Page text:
Long-necked dinosaurs raise their heads

The Sauropods are less frightening than some other museum specimens Keystone Archive

The complete skeletons of three Sauropods are being displayed for the first time in Europe at the Swiss dinosaur museum until May 5.

This content was published on April 12, 2002 - 20:21

After 150 million years buried under sandstone in the Wyoming desert, and following 25,000 hours digging and painstaking restoration, the Sauropods have been put on display at the Saurier Museum in Aathal, north of Lake Zurich.

The long-necked, plant-eating Sauropods were the largest land animals ever known. The smallest were at least ten metres in length and the largest grew up to 38 metres.

The three reassembled specimens at the Saurier Museum are a ten-metre Camarasaurus dubbed "ET", an 18-metre Diplodocus named "HQ1" and a 17-metre Apatosaurus known simply as "Max".

The museum says that ET is one of the best-preserved and therefore most valuable Sauropod skeletons in the world.

Rare find

Max is a rare find, and it was not until a few years ago that the right head was put on the Apatosaurus. In 1897, palaeontologists assigned it the wrong skull, and the mistake was not corrected until 100 years later.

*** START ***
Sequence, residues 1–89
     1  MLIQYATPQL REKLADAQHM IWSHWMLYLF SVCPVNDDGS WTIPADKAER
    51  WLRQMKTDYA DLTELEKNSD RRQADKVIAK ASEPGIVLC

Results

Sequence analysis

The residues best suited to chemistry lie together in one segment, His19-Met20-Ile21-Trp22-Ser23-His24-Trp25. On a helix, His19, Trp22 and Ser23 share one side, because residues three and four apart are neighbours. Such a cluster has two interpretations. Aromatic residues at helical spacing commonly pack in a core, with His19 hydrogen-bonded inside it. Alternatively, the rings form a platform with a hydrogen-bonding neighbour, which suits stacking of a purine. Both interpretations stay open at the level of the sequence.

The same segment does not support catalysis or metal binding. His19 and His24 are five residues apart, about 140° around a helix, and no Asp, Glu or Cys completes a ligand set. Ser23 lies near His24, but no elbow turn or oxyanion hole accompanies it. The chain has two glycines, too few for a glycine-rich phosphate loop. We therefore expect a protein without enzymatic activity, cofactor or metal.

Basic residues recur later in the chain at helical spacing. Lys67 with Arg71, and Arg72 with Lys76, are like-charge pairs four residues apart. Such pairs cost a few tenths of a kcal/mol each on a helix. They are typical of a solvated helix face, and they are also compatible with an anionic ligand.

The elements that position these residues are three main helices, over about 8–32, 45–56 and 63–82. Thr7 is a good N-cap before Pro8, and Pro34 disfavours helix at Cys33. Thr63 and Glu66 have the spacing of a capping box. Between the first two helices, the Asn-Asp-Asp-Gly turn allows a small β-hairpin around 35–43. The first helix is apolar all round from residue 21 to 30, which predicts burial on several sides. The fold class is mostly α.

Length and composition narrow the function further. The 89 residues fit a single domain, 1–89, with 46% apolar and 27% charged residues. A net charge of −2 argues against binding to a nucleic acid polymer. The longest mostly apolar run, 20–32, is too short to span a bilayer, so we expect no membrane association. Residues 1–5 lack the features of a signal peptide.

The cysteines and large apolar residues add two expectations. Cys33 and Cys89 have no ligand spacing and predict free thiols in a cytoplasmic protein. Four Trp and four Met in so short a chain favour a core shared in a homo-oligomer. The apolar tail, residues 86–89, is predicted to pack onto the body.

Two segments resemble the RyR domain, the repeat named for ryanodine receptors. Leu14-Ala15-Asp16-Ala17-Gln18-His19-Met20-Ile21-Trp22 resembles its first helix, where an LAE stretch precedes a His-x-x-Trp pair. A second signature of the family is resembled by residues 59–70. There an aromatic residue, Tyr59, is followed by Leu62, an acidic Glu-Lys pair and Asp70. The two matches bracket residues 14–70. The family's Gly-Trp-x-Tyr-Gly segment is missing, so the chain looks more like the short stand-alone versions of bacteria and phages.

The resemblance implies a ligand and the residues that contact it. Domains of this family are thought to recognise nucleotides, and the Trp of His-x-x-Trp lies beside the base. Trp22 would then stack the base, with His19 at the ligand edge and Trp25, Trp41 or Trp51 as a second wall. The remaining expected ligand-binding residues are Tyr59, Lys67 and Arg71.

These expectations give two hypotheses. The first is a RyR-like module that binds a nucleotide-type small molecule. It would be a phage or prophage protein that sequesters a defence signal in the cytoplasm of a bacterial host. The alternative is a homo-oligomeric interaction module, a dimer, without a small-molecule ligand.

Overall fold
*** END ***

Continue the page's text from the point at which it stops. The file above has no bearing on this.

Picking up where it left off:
The Sauropods join several other complete skeletons on show at the museum - the fruit of the labours of museum director, Hans Jakob Siber, who has spent the past ten years excavating in North America.

Visitors to the museum can also look over the shoulders of technicians preparing dinosaur bones.

The three Sauropods are being presented under a large tent in the museum grounds. After May 5, ET, HQ1 and Max begin a world tour beginning in Japan.


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